Scattered around my living room bookshelf, my bathroom and even on my dining table are essay collections about life on a dairy farm in Hokkaido, being a poor but well-fed student in Italy and the awkward social skills of “technie” engineers. Comical, heartwarming and sometimes provocative essays about unique experiences are written in most languages. But capturing these episodes in manga form perhaps is only done in Japan.
Even in Japan, using manga as an outlet to relate personal experiences is a fairly new development. In the 1990s, “mook” (magazine + book) became popular. Mooks covered a specific trend and filled with photos and illustrations like a magazine. Yet they had the shelf life of books. Relaying humorous experience and information in manga form became a standard section of mooks.
One major contributor to popularizing the essay manga style is Rieko Saibara, a manga artist whose eccentric life was far more entertaining than any fiction she conjured up. Saibara, 46, grew up poor in Kochi Prefecture, had a divorced irresponsible mother. But she and her siblings managed to survive and have fun in doing so. Her childhood is documented in prestigious Bungei Shunju award-winning “Bokunchi” manga
As an adult, Saibara continued her eccentric life, documenting her gambling losses from pachinko and mah-jong in manga form. Later in life, she would marry and divorce an alcoholic photographer. He fathered her two children before dying of cancer. She is now raising them as a single mother. The work that most people can relate to is her parental struggles and triumphs and her manga Mainichi Kaasan (Everyday mom) turned into a prime-time television animation in 2009.
Typically, essay manga writers fall into two groups: one group is already well-established manga artists and the other group is unknowns who managed to garner an on-line following of their blogs. “Boku, Otariman” (otaku + salaryman) is a 2007 hit manga about the social awkwardness of a geeky systems engineer that originated in blogosphere. Writing under the pen name Yoshitani, the author insisted that the book be placed in the “business” section because he felt others could learn business social skills from reading about his mistakes.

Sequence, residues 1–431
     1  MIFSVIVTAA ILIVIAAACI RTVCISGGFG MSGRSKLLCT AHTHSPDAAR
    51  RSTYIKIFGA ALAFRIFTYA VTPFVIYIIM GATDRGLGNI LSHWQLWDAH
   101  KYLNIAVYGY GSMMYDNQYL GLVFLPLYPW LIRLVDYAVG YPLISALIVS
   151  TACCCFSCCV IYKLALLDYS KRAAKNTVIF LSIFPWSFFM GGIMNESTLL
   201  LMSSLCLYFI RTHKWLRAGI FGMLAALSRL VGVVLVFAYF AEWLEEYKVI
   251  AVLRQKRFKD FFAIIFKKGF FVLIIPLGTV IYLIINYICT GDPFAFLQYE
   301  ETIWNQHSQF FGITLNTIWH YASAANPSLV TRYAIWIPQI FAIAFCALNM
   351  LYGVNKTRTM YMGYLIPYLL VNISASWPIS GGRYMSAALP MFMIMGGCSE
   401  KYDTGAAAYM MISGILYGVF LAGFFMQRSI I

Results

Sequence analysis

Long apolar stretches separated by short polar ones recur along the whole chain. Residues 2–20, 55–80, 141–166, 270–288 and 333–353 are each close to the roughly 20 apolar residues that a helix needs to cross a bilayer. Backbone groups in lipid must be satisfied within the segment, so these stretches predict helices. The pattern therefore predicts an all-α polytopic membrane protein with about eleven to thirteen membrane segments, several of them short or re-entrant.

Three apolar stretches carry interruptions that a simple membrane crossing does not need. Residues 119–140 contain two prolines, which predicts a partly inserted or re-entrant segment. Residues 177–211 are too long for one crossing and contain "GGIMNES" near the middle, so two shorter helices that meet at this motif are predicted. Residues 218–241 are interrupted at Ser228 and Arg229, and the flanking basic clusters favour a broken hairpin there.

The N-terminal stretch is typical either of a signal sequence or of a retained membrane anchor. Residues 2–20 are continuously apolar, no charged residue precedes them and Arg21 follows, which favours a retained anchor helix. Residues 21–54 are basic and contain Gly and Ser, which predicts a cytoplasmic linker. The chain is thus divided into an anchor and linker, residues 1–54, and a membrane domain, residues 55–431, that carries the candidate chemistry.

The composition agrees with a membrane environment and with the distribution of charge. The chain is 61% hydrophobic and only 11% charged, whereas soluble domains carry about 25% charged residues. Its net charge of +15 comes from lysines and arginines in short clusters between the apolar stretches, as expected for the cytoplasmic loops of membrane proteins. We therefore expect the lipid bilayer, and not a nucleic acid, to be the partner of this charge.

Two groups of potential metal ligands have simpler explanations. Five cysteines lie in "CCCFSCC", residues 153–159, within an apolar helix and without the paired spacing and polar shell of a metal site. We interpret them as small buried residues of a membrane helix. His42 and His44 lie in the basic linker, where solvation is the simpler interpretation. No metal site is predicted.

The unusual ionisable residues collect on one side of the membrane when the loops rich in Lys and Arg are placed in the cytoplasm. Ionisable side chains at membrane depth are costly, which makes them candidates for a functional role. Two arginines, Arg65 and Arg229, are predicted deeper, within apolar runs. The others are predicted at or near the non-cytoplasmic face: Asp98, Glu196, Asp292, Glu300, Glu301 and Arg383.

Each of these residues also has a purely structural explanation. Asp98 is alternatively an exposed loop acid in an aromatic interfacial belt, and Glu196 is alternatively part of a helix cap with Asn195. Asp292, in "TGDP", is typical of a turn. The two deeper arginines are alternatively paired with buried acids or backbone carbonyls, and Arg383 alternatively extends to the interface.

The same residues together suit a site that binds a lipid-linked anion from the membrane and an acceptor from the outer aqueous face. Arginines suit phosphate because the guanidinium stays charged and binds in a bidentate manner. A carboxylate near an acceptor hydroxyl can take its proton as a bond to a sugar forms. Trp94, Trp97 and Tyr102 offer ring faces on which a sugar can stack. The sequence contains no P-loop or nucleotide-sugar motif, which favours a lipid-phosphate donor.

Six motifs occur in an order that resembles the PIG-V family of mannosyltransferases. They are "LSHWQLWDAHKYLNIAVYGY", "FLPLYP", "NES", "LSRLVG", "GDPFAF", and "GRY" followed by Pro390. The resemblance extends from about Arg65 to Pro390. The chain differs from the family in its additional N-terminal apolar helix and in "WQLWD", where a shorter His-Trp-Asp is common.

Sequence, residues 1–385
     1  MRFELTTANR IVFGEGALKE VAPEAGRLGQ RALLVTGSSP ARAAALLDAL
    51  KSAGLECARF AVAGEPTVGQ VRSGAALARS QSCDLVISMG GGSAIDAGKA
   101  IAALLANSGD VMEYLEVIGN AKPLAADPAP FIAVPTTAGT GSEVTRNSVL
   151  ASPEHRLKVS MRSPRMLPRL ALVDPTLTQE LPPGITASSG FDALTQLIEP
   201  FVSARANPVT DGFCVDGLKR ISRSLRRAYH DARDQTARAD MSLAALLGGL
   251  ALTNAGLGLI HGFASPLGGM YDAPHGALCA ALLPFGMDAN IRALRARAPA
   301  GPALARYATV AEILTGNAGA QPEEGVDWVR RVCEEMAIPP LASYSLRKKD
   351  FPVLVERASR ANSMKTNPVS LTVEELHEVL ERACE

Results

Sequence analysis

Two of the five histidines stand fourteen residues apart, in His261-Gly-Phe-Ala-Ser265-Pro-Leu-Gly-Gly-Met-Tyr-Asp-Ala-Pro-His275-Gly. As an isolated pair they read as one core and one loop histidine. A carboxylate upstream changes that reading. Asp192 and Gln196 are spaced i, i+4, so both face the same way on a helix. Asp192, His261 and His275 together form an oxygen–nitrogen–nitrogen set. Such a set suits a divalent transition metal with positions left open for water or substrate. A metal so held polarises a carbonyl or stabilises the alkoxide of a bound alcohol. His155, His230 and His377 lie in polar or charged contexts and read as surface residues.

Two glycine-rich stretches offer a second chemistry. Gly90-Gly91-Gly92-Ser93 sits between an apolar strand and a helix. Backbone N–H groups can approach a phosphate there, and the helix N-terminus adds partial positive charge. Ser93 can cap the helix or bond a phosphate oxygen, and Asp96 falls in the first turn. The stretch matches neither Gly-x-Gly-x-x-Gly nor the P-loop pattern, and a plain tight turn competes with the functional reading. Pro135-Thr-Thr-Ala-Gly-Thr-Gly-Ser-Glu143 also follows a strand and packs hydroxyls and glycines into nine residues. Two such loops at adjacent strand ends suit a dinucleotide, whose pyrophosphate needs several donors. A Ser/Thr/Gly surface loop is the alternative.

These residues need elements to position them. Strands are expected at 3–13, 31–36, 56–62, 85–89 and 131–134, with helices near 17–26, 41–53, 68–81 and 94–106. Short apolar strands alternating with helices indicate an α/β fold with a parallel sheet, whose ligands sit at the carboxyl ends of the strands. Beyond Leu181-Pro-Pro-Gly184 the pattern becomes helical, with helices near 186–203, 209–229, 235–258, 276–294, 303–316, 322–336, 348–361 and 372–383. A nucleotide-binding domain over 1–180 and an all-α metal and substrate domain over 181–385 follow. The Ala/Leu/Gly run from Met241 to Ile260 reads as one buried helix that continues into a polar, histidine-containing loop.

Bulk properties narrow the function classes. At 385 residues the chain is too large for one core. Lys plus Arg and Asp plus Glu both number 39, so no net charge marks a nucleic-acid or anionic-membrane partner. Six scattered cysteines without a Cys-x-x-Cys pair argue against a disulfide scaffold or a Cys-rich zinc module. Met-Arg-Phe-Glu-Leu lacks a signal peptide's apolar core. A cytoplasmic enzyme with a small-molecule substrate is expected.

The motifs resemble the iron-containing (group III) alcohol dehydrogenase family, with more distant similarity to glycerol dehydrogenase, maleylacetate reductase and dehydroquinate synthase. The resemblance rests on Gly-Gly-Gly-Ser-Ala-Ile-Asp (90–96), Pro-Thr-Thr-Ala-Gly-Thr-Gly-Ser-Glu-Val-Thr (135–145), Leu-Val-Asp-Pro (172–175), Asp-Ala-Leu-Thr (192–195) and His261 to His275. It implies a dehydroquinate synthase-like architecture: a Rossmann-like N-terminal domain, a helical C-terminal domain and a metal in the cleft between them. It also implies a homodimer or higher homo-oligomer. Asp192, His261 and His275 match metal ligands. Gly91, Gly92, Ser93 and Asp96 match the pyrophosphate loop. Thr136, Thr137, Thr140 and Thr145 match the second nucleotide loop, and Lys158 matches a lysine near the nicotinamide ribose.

As a format, many essay manga contain trivial information and facts about the topic covered. Looking at my husband’s collection, there is “Buono Appetito” which chronicles the life of author Mari Yamazaki as a poor student in Italy and includes 17 recipes of Italian favorites. “Bouzu Days” (Monk Days) is about the training of the author’s brother as the head monk of a major Buddhist temple. It gives information about everything from the foods eaten to summarizing the beliefs of various sects. But my favorite is “Hyakusho Kizoku” (Royal Farmers) about life growing up on a cattle ranch in northern Hokkaido.
Written by Hiromu Arakawa of “Full Metal Alchemist” fame, it departs from the steampunk fantasy of her major work. Her essay manga conveys trivia facts about farming life. In the manga, Arakawa, and her family of dairy and potato farmers, are depicted as cows. The interaction between the cow-shaped Hiromu and the human editor who tries to turn the stories about cows into “pet essays” genre is hilarious and cute. When she relates information about farming techniques, the cow dresses like a professor and lectures from a podium. My favorite story is about how salmons are washed up on farms after a flood. While farmers are not permitted to fish for salmon in the rivers, they own the right to eat if the fish is trespassing on their property. Japanese essay manga are definitely not just simplified essays. The stories of Rieko Saibara tending to her troubled, dying husband are heartbreaking. Many people, including myself, would shy away from prose about cancer. Yet because it is a manga, “Mainichi Kaasan” captures the sadness and the power of love in a way that is accessible to ordinary people. They are entertaining, informative and thought-provoking. I wonder just how long it will take before this genre is popular worldwide.